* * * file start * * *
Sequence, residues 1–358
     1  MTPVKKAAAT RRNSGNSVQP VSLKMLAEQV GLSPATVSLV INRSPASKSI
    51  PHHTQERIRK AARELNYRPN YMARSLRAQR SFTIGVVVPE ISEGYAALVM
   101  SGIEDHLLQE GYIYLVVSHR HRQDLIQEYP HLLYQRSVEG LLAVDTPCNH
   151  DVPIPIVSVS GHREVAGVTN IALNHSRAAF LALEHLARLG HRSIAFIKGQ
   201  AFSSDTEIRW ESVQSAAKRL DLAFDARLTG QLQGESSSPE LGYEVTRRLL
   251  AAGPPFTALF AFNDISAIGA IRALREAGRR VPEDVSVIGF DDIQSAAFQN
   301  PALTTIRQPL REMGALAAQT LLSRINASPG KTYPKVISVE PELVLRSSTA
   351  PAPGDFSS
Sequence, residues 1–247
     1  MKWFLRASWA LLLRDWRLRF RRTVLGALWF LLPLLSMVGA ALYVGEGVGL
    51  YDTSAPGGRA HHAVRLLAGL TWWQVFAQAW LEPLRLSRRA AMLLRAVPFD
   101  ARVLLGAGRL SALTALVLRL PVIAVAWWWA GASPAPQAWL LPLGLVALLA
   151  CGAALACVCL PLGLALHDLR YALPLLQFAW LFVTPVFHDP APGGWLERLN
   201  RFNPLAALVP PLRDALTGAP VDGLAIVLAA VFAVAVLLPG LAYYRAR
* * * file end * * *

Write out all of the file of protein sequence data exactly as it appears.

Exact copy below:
Sequence, residues 1–358
     1  MTPVKKAAAT RRNSGNSVQP VSLKMLAEQV GLSPATVSLV INRSPASKSI
    51  PHHTQERIRK AARELNYRPN YMARSLRAQR SFTIGVVVPE ISEGYAALVM
   101  SGIEDHLLQE GYIYLVVSHR HRQDLIQEYP HLLYQRSVEG LLAVDTPCNH
   151  DVPIPIVSVS GHREVAGVTN IALNHSRAAF LALEHLARLG HRSIAFIKGQ
   201  AFSSDTEIRW ESVQSAAKRL DLAFDARLTG QLQGESSSPE LGYEVTRRLL
   251  AAGPPFTALF AFNDISAIGA IRALREAGRR VPEDVSVIGF DDIQSAAFQN
   301  PALTTIRQPL REMGALAAQT LLSRINASPG KTYPKVISVE PELVLRSSTA
   351  PAPGDFSS
Sequence, residues 1–247
     1  MKWFLRASWA LLLRDWRLRF RRTVLGALWF LLPLLSMVGA ALYVGEGVGL
    51  YDTSAPGGRA HHAVRLLAGL TWWQVFAQAW LEPLRLSRRA AMLLRAVPFD
   101  ARVLLGAGRL SALTALVLRL PVIAVAWWWA GASPAPQAWL LPLGLVALLA
   151  CGAALACVCL PLGLALHDLR YALPLLQFAW LFVTPVFHDP APGGWLERLN
   201  RFNPLAALVP PLRDALTGAP VDGLAIVLAA VFAVAVLLPG LAYYRAR